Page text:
3. Develop A Clear Thesis Statement: This is perhaps the most critical step in the writing process. You must ask yourself, “What is my purpose for writing this analysis?” Based upon your answer, you should be able to come up with a strong (unique) thesis statement. A thesis statement should reflect what you do in your analysis (i.e. a thesis statement is a roadmap for the rest of your analysis). Do not simply restate the author’s original thesis (remember the elements of the rhetorical situation — your purpose is different than the original author’s). In addition to stating your stance, your thesis should provide the reader with a clear direction of where you’re heading (e.g. what’s your topic/issue? what are your units of analysis?, what conclusion do your come to?, and/or what is the significance of your work?).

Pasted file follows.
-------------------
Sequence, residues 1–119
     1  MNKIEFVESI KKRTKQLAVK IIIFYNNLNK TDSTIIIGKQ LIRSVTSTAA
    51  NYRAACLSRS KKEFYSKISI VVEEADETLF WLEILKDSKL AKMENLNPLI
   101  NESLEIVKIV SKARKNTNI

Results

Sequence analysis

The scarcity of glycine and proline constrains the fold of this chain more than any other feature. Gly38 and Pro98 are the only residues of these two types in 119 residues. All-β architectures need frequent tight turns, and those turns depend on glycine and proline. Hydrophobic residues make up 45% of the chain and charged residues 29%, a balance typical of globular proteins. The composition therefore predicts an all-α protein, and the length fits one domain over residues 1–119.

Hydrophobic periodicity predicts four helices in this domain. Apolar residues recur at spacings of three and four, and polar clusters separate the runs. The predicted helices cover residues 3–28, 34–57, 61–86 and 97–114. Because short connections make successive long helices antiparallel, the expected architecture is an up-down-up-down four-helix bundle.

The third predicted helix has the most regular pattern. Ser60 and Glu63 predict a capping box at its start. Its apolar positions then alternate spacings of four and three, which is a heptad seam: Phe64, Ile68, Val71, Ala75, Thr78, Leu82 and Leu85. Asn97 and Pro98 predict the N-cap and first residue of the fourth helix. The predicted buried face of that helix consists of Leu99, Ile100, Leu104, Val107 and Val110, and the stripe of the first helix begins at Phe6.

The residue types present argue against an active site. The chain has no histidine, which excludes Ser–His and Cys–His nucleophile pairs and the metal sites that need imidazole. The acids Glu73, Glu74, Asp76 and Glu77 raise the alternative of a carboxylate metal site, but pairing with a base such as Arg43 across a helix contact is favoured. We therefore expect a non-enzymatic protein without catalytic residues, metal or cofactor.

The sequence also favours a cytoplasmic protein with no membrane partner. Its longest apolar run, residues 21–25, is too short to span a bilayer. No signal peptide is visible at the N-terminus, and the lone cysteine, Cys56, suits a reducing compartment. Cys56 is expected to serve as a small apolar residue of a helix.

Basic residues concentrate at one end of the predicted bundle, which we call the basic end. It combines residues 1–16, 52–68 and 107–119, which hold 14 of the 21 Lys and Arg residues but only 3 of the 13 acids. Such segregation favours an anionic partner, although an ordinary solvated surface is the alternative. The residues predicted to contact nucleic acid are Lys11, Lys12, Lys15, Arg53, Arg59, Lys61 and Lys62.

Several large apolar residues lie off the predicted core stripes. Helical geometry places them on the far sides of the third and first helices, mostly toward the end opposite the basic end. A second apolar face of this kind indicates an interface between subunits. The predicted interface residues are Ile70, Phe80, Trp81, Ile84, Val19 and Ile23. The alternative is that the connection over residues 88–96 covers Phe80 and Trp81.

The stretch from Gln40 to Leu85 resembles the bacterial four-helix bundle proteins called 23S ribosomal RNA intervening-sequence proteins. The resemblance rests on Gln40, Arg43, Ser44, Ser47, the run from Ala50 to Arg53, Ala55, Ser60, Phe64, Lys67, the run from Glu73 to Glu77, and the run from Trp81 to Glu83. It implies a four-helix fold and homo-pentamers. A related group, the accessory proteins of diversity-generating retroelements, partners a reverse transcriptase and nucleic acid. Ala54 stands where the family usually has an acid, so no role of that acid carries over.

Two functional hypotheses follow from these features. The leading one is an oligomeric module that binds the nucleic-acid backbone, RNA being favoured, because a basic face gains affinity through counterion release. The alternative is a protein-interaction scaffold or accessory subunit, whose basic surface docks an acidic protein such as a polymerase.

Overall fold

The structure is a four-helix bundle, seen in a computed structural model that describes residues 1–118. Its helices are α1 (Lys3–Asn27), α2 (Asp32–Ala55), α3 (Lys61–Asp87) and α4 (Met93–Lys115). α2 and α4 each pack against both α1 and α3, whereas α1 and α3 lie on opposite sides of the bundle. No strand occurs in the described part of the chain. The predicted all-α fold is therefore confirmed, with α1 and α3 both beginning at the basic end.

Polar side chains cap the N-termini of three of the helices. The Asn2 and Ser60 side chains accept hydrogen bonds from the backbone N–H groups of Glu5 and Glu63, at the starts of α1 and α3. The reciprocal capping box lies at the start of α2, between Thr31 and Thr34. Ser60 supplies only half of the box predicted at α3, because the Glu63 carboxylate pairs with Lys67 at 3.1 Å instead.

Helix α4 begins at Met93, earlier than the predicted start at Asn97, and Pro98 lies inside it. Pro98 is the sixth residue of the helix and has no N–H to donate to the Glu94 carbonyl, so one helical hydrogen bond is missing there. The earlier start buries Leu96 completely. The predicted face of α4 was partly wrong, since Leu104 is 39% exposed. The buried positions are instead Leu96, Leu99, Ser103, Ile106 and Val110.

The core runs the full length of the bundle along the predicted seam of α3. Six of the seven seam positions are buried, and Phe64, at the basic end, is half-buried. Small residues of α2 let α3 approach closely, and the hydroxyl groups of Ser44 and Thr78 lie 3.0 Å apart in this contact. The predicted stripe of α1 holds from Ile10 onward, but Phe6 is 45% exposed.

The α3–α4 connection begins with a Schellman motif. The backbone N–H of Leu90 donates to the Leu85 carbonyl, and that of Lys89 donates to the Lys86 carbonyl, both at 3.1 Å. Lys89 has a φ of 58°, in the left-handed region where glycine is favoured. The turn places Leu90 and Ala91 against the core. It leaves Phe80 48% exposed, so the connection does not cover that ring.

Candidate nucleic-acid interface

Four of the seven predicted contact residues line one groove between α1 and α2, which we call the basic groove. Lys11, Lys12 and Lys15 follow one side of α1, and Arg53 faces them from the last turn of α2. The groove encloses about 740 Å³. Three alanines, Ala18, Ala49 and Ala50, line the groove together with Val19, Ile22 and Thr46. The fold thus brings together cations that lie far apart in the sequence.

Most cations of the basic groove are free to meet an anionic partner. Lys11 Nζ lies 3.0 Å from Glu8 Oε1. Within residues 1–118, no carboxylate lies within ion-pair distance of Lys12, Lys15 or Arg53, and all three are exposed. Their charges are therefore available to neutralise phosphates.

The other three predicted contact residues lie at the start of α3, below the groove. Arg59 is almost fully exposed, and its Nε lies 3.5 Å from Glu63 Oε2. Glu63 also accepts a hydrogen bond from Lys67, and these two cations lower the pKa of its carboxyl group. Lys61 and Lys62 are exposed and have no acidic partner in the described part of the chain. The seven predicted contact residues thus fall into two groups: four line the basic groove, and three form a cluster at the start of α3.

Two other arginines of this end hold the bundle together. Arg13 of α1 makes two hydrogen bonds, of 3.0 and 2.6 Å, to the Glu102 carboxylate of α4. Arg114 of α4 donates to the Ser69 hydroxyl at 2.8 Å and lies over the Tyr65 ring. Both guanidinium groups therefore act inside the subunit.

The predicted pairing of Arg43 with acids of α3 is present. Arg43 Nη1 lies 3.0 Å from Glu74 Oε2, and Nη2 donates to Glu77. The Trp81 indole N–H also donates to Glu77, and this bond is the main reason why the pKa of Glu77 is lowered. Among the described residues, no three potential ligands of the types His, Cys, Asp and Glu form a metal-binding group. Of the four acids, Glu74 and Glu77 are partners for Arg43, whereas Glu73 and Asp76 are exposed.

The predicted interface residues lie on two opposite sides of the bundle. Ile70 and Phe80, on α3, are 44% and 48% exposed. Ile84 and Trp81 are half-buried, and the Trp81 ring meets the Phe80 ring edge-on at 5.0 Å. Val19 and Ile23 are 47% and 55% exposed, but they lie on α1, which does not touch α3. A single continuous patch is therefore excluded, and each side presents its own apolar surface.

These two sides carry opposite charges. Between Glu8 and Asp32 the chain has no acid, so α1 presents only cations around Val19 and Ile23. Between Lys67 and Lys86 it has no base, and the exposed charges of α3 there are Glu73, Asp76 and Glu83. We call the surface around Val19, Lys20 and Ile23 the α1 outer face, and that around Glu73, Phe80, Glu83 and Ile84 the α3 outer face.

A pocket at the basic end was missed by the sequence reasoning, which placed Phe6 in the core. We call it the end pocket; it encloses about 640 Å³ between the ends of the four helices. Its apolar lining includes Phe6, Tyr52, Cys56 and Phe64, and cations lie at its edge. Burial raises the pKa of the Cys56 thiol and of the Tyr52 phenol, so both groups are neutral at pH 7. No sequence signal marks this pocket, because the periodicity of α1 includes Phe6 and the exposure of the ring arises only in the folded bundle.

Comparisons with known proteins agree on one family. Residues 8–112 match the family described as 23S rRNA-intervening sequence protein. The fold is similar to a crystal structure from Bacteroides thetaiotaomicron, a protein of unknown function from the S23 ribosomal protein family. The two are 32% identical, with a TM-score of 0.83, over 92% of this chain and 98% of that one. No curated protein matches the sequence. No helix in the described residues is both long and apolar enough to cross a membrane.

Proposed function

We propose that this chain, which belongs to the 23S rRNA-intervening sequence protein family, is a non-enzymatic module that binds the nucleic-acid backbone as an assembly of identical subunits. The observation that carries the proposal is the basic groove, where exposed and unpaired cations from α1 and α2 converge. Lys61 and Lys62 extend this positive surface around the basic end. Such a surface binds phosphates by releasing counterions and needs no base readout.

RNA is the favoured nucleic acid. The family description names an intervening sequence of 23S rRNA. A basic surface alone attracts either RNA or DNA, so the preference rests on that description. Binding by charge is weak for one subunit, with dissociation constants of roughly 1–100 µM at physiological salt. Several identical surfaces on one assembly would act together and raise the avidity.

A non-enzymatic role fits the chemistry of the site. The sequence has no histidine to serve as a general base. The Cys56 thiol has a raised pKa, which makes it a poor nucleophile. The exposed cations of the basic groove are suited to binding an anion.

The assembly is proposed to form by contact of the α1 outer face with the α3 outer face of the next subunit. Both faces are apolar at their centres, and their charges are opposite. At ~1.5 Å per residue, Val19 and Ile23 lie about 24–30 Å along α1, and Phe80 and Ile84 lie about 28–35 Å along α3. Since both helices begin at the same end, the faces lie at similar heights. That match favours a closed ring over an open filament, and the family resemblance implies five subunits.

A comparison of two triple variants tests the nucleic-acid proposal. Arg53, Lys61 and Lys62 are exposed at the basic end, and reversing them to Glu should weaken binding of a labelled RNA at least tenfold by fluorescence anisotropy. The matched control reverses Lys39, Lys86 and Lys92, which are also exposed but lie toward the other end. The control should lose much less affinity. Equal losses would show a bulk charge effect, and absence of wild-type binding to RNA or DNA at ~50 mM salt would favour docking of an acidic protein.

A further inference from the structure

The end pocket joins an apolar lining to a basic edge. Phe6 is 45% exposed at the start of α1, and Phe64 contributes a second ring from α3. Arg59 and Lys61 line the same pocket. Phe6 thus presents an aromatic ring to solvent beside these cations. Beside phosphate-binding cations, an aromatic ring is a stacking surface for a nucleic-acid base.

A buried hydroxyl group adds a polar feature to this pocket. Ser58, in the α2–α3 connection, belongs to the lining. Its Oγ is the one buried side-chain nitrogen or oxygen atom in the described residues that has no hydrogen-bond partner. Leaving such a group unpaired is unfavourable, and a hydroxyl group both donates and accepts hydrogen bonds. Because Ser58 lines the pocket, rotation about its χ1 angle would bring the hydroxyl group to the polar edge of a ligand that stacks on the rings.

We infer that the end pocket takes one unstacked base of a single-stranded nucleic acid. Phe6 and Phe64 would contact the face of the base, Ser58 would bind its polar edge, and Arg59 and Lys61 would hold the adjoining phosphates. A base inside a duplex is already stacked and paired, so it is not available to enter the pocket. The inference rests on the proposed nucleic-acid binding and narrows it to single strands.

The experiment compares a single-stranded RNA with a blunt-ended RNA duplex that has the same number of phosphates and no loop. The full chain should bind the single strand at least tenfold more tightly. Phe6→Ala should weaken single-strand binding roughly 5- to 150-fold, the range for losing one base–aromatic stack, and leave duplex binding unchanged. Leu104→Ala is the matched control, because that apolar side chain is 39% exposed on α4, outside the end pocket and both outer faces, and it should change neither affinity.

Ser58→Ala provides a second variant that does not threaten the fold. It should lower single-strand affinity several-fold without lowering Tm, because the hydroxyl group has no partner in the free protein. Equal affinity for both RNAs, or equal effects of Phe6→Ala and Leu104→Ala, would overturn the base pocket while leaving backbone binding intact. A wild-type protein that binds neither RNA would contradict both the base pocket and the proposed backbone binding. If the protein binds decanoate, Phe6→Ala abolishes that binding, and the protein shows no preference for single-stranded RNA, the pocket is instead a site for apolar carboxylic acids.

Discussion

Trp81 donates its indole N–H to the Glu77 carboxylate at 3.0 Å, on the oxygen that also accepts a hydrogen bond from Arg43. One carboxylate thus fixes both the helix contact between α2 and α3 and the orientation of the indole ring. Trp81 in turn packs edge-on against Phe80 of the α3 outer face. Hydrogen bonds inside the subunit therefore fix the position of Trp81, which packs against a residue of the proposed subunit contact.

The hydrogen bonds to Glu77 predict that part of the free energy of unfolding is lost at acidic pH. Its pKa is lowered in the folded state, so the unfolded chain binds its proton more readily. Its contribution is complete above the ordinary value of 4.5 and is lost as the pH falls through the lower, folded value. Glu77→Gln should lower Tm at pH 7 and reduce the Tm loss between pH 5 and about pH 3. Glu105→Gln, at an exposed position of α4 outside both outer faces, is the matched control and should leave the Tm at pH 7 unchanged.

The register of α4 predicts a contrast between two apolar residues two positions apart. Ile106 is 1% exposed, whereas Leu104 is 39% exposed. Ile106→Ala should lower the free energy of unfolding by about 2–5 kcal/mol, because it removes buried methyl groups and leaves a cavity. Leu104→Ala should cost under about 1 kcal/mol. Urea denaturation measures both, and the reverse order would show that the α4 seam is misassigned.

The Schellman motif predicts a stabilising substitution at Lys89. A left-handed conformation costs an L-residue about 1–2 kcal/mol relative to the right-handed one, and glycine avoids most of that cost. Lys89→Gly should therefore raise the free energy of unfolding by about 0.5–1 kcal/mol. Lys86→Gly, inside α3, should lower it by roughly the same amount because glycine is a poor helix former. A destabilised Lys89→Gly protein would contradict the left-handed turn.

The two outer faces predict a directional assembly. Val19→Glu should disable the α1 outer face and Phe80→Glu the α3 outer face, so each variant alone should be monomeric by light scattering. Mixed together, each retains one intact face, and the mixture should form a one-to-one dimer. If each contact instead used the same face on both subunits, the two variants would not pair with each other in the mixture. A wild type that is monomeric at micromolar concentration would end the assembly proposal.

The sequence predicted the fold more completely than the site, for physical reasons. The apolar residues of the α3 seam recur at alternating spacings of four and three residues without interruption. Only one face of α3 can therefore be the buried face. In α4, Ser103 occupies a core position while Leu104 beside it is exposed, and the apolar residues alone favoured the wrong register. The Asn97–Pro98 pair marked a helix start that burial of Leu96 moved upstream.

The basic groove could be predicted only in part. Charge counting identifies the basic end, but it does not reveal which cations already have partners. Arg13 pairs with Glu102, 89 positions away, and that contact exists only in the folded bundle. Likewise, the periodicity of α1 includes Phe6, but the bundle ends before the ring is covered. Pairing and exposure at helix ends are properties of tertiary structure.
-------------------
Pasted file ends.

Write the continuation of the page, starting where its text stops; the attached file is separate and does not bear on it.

4. Support Your Thesis Statement: The body of your analysis should be devoted to supporting evidence for your thesis statement (i.e. it should follow your roadmap). This will entail techniques of direct quotation, paraphrasing, and your own assessment. Do not simply summarize what the author has already stated (this is your analysis). There is an important, but subtle, shift in focus from your thesis to your supporting evidence your thesis states what you will do, but your supporting evidence reflects what (or why) the original author is doing (it)). This can be tricky and causes some students difficulty, but we will cover this in class. Additionally, your paragraphs should each, subsequently, address the various rhetorical elements and the aspects of the rhetorical situation of the original essay (hint: you should limit yourself to one particular element/aspect per paragraph). Be sure each paragraph directly addresses your thesis statement. Note: for several of the rhetorical elements, you may have to go outside of the original speech to find the appropriate information (e.g. you may need to do a little research to find the author’s birth date and/or professional experience, what was happening, in the world, at the time the essay was written, etc.), if these things are relevant. For each point you want to make in your analysis, you will want to give examples to support your claims. Using examples to support your claims will help your reader understand why you are making the claim you are making. For example, if you find a place in the text where the author is using pathos to appeal to the reader’s emotions, you should quote the place in the text where this appeal takes place. Likewise, if you are discussing how the author uses images to enhance a text, you should describe this image (or better yet, include a copy of the image within your analysis) to back up your claims.